The exhibition is wonderfully varied in its materials; in addition to silicone forms, video and photography, there is a wealth of historic tattoo-making equipment, from needles and blocks to small sculptures made of the compressed ashes of cremated monks or burnt religious manuscripts, used for making ink in Myanmar. If there is a fault to this otherwise extravagant display, it is of being too big; one can only look at so many electric needles before one’s skin begins crawling with revulsion—or itching for a tattoo of one’s very own.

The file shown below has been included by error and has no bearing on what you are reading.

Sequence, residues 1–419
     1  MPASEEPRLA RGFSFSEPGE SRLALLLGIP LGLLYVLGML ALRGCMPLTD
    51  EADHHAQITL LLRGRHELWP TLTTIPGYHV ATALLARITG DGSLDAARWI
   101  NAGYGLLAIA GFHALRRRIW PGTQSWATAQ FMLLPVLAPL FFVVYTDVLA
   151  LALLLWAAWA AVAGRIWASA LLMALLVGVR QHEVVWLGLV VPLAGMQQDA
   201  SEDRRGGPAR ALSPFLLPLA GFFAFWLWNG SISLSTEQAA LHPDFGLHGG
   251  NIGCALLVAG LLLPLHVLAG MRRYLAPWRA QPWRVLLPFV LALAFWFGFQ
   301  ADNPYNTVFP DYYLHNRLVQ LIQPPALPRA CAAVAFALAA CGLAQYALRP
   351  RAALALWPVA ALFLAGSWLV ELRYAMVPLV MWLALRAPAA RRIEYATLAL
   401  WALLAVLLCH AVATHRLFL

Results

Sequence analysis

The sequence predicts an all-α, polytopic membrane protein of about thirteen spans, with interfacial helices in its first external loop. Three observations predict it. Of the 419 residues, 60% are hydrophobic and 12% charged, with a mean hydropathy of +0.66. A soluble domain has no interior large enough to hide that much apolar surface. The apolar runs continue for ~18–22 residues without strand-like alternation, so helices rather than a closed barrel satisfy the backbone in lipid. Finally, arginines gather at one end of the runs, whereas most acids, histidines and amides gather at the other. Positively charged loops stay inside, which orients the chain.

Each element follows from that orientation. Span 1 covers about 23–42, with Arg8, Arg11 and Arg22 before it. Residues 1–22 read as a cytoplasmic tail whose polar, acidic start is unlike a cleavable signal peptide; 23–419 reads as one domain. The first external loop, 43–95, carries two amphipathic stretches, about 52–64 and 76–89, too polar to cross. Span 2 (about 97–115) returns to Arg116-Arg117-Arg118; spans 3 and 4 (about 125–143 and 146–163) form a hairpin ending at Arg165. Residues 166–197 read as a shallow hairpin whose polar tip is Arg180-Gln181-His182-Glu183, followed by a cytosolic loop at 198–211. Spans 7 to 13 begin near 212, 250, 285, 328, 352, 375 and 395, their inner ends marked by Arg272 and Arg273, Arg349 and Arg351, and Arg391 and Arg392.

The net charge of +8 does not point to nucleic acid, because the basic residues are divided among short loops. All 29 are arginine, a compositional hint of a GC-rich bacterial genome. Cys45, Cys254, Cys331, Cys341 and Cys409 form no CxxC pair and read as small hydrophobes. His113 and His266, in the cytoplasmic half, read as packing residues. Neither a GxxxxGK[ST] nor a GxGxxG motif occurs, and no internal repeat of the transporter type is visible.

Kimberly Chrisman-Campbell is an art historian specializing in fashion and textiles. She has worked as a curator, consultant and educator for museums and universities around the world. Chrisman-Campbell is the author of Fashion Victims: Dress at the Court of Louis XVI and Marie-Antoinette, published by Yale University Press. Chrisman-Campbell was recently honored by the Costume Society of America, receiving an award for the Betty Kirk Excellence in Research Award. For this issue, she gets under the skin of the “Tattoo” exhibition at the Natural History Museum of Los Angeles.